Blast from the past.
I just got that photo in my email yesterday from one of my oldest friends in the world, Christina, who still lives in Cleveland. I was 19 in that photo...I think it was taken in either late 1989 or early 1990. That cat's name was Felix (he was just euthanized about 3 months ago at the ripe old age of 15) and he had just been neutered. Felix was a cool dude...you'd pet him like a dog, he'd fetch, go out and scrap with skunks and raccoons, and return home all beat up but ready to do it again the next day.
So because she dug up that old photo, I dug up an old record we would dance to around the same time that photo was taken at the Nine of Clubs in Cleveland, a long-gone industrial/house music bar/club thingie in the warehouse district. Not a gay bar, but not exactly a straight one either. We loved the place...I'd scam drinks by flirting with both men and women (I was only 19 and had huge black "X" marks on my hands), and we'd sit and chain smoke and talk shit about people until this song would come on...then we'd go to the middle of the dance floor...wearing our black motorcycle jackets...hair hanging down into our eyes...and dance like retards because we just didn't care.
Sometimes, I'd even smoke pot in the parking lot with a young Catholic priest. Edgy, huh? At least I never got into his Jeep. Mama didn't raise a fool.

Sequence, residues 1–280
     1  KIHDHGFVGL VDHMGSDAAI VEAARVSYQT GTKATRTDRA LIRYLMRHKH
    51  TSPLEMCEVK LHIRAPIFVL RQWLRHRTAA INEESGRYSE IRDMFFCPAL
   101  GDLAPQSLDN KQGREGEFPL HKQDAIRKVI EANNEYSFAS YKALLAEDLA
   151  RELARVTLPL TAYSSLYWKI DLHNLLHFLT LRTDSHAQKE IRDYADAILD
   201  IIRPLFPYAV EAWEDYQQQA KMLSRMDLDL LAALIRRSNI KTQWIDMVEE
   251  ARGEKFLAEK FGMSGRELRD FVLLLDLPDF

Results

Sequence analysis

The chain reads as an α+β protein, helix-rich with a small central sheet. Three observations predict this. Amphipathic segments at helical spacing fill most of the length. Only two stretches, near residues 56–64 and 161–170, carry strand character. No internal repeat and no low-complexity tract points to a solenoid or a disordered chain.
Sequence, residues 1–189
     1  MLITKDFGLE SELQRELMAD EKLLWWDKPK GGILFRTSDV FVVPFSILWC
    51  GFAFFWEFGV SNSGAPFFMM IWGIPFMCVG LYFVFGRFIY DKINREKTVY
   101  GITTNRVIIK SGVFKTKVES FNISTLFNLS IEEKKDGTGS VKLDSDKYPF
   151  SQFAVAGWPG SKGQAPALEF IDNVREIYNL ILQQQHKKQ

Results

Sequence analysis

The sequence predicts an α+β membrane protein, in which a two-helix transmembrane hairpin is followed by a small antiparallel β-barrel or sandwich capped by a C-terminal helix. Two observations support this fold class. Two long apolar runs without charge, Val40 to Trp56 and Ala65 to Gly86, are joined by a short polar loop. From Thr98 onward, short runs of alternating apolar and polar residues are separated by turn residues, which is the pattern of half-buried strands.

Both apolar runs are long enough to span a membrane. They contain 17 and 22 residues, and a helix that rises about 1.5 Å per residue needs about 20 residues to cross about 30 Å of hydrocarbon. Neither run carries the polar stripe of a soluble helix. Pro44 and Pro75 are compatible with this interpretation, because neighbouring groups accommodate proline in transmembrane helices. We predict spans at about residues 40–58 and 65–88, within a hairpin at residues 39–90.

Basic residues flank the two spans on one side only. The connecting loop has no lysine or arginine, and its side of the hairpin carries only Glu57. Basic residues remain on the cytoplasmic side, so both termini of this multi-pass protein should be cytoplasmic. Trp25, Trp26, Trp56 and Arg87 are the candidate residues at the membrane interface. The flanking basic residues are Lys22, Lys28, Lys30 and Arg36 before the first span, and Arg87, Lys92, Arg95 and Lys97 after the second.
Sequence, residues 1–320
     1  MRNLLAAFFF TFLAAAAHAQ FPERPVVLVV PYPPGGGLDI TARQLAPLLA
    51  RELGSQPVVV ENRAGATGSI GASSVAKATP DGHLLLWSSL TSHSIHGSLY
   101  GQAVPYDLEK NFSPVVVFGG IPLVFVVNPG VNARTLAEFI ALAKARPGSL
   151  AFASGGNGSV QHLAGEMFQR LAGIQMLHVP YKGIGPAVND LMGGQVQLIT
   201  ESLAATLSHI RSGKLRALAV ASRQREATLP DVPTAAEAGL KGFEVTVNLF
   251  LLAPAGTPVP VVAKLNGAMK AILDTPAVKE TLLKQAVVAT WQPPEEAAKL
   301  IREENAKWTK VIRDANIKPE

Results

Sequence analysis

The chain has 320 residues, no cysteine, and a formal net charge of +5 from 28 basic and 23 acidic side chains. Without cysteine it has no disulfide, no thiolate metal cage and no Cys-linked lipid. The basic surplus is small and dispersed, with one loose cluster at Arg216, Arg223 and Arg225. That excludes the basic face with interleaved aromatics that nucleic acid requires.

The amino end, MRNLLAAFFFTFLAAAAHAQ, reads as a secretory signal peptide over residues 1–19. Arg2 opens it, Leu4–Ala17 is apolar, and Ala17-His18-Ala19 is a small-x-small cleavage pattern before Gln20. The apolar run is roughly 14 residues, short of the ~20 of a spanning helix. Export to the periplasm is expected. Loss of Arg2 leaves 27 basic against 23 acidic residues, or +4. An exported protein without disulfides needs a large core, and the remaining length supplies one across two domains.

By the way, that track is called "A Day in the Life" by Black Riot, a DJ Todd Terry alias. It was released in 1988, and you'd hear it coming out of clubs and being sampled like crazy all over the Great Lakes region. I heard it all the time in Cleveland, that's for sure. Funny, when I went to New York, the music was a much different. Not as edgy or raw as the stuff coming out of Detroit.
Now, when I said Christina was old, I'm not saying she's OLD old (she's almost exactly a year older than me) but I've known her since elementary school. I forget what grade I was in, but she shoved me at the drinking fountain once and I cut my lip. Years later when we were in Catholic school (I was in 7th grade and she was in 8th), we would walk home from school (she lived 3 blocks away) and just talk about everything under the sun.